Business in the blood

9th June 1995 at 01:00
Gerald Haigh on how a Kettering school's head of business studies has built up an impressive range of links with industry.

Visit Henry Gotch School, Kettering, and you are almost bound to meet up with Christine Blowman, head of business studies. She is, after all, involved in marketing the school, a job which she tucks into a multi-faceted portfolio which also includes, as well as teaching her subject and leading her department, running the school's impressive, extensive programme of links with business and industry.

She works assiduously at her contacts, and the school has above-average success in setting up projects with local firms. "My database of company contacts exceeds 150 local firms which regularly assist us and I can call upon." Thus, teachers who want some help from industry with a curriculum project are rarely disappointed - "I can arrange a visit usually within a week."

In addition the school gains to the tune of thousands of pounds- worth of sponsorship - prizes for a for a road-safety competition, for example, included a bike, cycle helmets and a range of other products. For the climax of the year she runs an Enterprise Week, which involves 120 Year 10 pupils placed with 60 local companies, and the Week's final exhibition is hosted by a local hotel which gives up lots of Friday and Saturday bookings for the purpose. So what is the key to Christine Blowman's success?

The fact that she exists at all - that the senior management team have seen the need for a key member of staff to run school-industry links - is a good part of it. Schools which delegate the task either to an inexperienced colleague or to an already overworked deputy head may well find that they are simply not putting in the required effort. Most firms are well disposed to education these days, but schools have to put real resources into reaching out to them.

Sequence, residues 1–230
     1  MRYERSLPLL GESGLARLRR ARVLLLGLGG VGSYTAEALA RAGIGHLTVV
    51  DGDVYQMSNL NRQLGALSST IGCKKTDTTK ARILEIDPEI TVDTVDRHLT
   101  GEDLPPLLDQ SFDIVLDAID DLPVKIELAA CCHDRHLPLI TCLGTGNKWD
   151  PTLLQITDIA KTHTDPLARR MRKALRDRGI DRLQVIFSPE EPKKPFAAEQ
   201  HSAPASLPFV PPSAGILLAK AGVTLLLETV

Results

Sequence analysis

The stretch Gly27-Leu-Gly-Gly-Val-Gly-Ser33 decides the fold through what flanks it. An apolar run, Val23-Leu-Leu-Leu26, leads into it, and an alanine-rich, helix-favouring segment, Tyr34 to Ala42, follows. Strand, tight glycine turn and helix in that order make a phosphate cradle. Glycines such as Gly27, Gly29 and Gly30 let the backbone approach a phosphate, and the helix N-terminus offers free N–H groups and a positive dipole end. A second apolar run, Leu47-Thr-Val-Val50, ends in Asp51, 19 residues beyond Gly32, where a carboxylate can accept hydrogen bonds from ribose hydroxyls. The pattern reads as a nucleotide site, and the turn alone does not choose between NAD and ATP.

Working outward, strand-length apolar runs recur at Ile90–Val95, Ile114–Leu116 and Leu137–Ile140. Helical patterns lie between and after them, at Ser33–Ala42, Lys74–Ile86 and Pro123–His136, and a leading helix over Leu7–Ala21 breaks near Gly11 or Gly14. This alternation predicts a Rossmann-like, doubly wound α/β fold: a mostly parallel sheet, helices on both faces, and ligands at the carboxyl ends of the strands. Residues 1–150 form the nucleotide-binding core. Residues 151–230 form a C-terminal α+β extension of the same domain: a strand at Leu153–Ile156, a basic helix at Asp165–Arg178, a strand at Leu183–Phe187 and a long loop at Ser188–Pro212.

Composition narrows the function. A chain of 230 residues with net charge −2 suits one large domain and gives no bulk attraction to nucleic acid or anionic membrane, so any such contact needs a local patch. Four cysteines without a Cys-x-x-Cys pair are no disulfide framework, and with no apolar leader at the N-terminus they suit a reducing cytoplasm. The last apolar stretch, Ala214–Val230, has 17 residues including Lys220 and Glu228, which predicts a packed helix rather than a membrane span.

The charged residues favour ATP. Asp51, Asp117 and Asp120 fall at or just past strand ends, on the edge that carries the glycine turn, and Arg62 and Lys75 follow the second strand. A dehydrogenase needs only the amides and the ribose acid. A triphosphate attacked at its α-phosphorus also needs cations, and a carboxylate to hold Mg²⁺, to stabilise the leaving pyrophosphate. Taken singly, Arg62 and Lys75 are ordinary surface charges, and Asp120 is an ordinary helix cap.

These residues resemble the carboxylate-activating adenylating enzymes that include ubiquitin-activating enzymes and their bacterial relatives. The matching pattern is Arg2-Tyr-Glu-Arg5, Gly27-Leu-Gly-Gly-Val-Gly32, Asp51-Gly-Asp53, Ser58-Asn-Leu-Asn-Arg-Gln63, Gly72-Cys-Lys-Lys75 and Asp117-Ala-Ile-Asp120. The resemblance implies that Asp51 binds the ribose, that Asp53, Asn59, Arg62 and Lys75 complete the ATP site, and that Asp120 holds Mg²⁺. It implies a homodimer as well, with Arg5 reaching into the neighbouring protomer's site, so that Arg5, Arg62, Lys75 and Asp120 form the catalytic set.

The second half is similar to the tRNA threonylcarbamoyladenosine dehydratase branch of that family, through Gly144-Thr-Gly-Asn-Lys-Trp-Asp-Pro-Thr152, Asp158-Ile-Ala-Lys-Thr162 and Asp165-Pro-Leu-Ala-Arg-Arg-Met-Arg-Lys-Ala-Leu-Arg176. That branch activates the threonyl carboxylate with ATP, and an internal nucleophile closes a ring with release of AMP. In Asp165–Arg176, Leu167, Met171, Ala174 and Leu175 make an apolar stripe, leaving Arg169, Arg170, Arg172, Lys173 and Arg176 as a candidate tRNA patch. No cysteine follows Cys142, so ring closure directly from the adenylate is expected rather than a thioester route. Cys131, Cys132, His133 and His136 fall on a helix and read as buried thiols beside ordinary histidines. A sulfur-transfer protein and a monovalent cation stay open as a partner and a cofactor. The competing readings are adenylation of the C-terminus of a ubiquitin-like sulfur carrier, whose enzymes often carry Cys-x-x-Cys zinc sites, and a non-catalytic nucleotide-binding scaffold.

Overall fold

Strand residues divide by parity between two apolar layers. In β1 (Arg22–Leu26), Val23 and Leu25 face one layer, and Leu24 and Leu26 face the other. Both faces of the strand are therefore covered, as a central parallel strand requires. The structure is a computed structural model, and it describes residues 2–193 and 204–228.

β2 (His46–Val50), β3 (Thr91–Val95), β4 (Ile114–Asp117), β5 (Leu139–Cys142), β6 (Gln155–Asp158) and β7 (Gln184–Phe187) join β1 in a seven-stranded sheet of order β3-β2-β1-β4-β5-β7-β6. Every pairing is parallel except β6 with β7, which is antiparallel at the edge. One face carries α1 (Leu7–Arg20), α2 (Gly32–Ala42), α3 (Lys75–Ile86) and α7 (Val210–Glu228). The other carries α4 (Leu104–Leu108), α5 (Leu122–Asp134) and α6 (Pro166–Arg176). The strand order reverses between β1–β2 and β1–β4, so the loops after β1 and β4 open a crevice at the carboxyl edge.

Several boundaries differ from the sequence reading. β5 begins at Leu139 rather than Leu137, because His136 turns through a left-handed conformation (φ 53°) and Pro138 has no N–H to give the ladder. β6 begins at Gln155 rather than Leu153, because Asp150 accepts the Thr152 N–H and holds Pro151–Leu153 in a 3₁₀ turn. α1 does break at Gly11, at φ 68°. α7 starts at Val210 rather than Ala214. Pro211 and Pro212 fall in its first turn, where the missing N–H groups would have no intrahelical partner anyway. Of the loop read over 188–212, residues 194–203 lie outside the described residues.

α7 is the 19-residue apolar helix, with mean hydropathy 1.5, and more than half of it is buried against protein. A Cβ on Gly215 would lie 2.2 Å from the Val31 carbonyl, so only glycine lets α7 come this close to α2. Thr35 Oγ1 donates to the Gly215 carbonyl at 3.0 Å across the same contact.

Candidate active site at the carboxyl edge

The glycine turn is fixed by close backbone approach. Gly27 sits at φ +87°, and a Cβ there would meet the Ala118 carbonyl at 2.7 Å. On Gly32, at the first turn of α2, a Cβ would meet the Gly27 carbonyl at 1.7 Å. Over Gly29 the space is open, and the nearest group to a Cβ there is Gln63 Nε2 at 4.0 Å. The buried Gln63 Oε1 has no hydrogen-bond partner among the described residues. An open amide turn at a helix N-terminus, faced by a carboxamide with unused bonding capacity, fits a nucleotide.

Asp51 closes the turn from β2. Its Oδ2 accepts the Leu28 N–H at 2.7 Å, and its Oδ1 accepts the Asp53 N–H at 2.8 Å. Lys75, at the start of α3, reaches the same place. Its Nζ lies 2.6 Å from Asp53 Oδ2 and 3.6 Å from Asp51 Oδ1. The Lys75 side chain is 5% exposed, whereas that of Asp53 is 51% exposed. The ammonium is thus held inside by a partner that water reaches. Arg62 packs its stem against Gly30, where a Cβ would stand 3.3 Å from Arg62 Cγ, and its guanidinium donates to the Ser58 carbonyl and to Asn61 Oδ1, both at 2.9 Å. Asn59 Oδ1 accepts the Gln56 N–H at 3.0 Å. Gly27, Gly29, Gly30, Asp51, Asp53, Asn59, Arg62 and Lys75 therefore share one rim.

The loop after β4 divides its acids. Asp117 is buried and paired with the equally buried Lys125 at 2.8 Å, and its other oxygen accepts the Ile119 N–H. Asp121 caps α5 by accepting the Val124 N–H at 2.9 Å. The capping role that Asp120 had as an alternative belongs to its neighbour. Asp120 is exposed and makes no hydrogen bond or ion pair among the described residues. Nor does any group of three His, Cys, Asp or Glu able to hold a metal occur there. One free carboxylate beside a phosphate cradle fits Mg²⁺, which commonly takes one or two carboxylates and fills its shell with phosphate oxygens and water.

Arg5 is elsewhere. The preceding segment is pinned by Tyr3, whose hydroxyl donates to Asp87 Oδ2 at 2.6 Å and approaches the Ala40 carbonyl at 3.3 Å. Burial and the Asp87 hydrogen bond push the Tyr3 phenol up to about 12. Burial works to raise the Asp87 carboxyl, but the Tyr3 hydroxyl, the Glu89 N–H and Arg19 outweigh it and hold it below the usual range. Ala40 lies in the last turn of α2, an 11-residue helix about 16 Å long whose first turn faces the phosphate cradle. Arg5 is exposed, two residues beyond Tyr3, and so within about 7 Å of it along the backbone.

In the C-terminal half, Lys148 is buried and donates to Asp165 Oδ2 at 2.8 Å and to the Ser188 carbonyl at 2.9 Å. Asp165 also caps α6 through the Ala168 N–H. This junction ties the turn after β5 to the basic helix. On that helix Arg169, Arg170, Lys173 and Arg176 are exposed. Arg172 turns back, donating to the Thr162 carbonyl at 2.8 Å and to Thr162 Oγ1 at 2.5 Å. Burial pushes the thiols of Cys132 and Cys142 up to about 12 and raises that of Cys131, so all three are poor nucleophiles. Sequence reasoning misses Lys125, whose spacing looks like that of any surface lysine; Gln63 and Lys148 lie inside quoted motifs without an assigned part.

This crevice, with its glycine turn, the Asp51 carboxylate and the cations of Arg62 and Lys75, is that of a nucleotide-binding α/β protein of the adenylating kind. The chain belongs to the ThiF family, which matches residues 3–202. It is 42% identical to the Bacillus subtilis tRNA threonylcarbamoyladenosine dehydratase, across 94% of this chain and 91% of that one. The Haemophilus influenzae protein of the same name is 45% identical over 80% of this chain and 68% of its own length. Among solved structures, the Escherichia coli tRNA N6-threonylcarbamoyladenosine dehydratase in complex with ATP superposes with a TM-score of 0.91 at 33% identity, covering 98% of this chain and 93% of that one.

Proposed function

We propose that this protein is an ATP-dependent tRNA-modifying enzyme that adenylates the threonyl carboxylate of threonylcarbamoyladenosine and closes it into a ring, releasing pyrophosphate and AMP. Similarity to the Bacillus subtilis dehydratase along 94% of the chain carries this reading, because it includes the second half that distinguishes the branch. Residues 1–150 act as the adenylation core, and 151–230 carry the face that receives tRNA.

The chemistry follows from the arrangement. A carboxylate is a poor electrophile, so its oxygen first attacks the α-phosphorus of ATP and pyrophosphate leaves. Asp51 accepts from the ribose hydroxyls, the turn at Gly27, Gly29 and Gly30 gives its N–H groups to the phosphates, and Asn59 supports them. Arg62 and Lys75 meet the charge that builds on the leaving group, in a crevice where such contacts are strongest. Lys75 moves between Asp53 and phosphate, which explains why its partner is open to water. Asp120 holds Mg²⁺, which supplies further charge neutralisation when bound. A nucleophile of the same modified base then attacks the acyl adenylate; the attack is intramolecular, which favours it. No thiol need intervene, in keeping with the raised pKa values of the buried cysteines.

Christine Blowman believes, for example, that you cannot effectively deal with a new contact by telephone. "If it's somebody new, I go and see them. It's easier to talk face to face. And you must appear enthusiastic and well prepared, knowing exactly what it is you want. And then I always have in mind what we can offer to do for them, which is usually publicity."

"Publicity" in this case may mean distributing flyers in the community, or running a feature in the school's half-termly newsletter which, in quality of production and breadth of circulation has almost the status of a local newspaper.

This kind of legwork in the industrial community takes time, and although in recent months Christine has had timetable space for developing links, by far the biggest part of the work has been done out of school hours. "Nearly every day in the Easter holidays I was visiting a company to see about something to do with school."

Time, commitment, and the support of colleagues and senior management, then are all important. For Christine, though, the extra factor is that she herself worked for a long time in business before, 10 years ago, she went to what was then Huddersfield Poly to qualify as a teacher. She gives the impression of being entirely confident with the world outside education, which must come across to the people she deals with in the Kettering business community. There are practicalities, too - she speaks the language of business, and has inside knowledge, such as who to talk to when you want something.

And in the end, just as a teacher who goes off to do something else is always a teacher at heart and in manner, so Christine still has business in her blood. "I think I can say that I wouldn't still be in teaching if I was just a teacher because I'm not the sort of person who could do one job and be fulfilled. I like going out visiting, negotiating, recruiting new people to support us."

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